The record shows that minority groups calling for reform have steadily increased in influence, and are achieving notable landmarks for inclusion one after another.
Is it really so unlikely that over the next twenty or thirty years, Catholics and Baptists will similarly see dramatic increases in calls for reform, and achieve some victories? We must take heart from this, and use it to boost our determination and fortitude as we continue to push for full LGBT inclusion – even in the face of apparent hopelessness, and some inevitable setbacks.

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The Queer Bible: Beyond Family Values

Under the heading,  “A Way Back Behind Christian Homophobia”, Adam Kotsko writes at the blog “An und fur sich” about a trilogy of books by Ted Jennings: Jacob’s Wound: Homoerotic Narrative in the Literature of Ancient Israel, The Man Jesus Loved: Homoerotic Narratives in the New Testament, and the third in the set, Plato or Paul?: The Origins of Western Homophobia:

“The strategy here is clear, aggressive, and absolutely necessary: he absolutely abandons the defensive stance -of “explaining away” the supposedly “obvious” homophobic elements in the Bible that “everyone knows” about and instead presents us with a scriptural account that is deeply homophilic, even to the point of presenting us with a possible male lover for Christ himself.”

Setting aside the weapons of hate

Even discounting the possibility that Jesus had a male lover (there are at least two candidates:  John, the “apostle Jesus loved”, and Lazarus), this is an approach I love.  Given the way in which queers have for centuries experienced Scripture as a weapon of hate, it is understandable that after one has overcome a natural antipathy to dealing with Scripture at all, the first enquiry from lesbigay people is to  find ways to respond to the infamous clobber texts, to learn to set aside the weapons of hate.  This is technically relatively easy – the actual texts are few, out of 30 000 verse in a Bible written against a cultural background where homoeroticism was commonplace, and many scholars have shown how they have either been misinterpreted, or are of limited relevance to modern gay relationships.

More difficult is dealing with the residual emotional baggage: this is where books pointing to positive interpretations of Scripture are so valuable. Again, this should be easy – the fundamental message of the Gospels has nothing to do with hatred against anybody, but stresses love and inclusion for everybody – most especially social outsiders and the otherwise afflicted and oppressed.  Still, for people with a homophile orientation, we can go well beyond the simple message of generic inclusion. Writers on Scripture have pointed to specifically queer values in Scripture, while historians have shown that the roots of popular hostility did not lie in Scripture at all:  the Church followed popular prejudice, not the other way around.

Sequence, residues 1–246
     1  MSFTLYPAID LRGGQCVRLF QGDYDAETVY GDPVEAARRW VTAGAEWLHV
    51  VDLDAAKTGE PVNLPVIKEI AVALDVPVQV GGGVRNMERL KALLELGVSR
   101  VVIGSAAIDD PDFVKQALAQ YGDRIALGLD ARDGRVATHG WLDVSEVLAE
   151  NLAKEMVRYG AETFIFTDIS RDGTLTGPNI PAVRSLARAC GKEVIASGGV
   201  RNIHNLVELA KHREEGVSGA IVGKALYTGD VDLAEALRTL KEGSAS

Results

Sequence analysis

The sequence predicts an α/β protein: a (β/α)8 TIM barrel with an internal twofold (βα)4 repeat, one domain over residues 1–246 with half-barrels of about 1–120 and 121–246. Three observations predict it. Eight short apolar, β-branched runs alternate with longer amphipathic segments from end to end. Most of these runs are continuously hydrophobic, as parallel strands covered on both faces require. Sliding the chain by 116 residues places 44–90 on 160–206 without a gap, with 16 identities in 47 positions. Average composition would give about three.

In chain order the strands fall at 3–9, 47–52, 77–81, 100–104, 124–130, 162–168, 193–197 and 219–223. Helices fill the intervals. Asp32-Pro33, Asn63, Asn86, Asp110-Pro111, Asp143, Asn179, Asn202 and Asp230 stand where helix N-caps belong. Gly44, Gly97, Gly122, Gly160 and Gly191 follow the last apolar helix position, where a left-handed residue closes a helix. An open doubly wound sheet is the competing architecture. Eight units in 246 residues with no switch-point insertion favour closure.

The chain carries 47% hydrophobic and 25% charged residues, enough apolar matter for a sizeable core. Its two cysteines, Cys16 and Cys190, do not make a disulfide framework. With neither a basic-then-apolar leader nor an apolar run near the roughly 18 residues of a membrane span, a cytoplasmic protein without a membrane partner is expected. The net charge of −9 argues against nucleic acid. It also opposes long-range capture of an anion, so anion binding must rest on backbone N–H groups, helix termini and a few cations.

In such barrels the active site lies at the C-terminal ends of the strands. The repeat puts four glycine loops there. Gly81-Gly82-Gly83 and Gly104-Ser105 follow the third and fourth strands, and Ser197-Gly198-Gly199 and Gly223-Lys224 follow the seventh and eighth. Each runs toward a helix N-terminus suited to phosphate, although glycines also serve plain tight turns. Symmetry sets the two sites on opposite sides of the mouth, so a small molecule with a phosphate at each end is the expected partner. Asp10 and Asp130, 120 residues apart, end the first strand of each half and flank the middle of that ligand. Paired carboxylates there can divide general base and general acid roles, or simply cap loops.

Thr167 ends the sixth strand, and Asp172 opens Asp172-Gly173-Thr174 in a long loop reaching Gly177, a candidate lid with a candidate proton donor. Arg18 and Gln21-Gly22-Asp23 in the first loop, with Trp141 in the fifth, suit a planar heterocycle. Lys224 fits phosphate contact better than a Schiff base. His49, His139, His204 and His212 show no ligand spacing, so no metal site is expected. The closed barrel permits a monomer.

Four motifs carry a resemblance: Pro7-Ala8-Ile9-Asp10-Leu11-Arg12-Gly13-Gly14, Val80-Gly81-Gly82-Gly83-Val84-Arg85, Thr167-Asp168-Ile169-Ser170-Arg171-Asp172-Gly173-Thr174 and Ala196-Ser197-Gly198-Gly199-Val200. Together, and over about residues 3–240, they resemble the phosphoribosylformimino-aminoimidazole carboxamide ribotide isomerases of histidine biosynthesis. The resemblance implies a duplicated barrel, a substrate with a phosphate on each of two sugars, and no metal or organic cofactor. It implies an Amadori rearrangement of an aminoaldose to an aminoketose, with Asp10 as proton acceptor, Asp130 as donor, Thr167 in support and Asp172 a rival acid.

I do not yet have personal knowledge of Jennings’ books (but will explore further). There are other writers though who have covered much the same ground, with whose work I am more familiar.

Setting aside family values

Chris Glaser, in his excellent book, “Coming Out as Sacrament”, has a chapter on “Coming out in the Bible”, in which he reads several well known Scripture stories, from Adam & Eve in Genesis to Pentecost in Acts,  as coming out tales.  Among these, he presents the story of Jesus Himself as “Coming out of Family Values”.  The evidence he produces in support of this argument is that:

  • “his mother Mary was told that Jesus’ own coming out would mean “that the inner thoughts of many will be revealed – and a sword shall pass through your own soul too (Luke 2:35)”;
  • At twelve years of age,  Jesus ignored his family’s departure from Jerusalem to sit  in the temple, his “Father’s house” (Luke 2:49);
  • He left His family and as far as we know, never married and never “begat” children;
  • He called his disciples away from their families (9:59:62), told them he had no home (9:57) ,, and claimed that His gospelk would “set a man against his father, and a daughter against her mother.” (Mathew 10:35-36);
  • When His family came to see  Him, He declared, “Whoever does the will of god is my brother and sister and mother”(Mark 3:35);
  • Members of the new faith community addressed each other as brother and sister;
  • Jesus’ own family of choice were three unmarried people – Martha, Mary and Lazarus;
  • In the New Testament, the biological, polygamous, prolifically procreative family of the Old Testament was superseded by the more vital, eternal and extended family of faith, a family to be expanded by evangelism and inclusivity rather than mere procreation;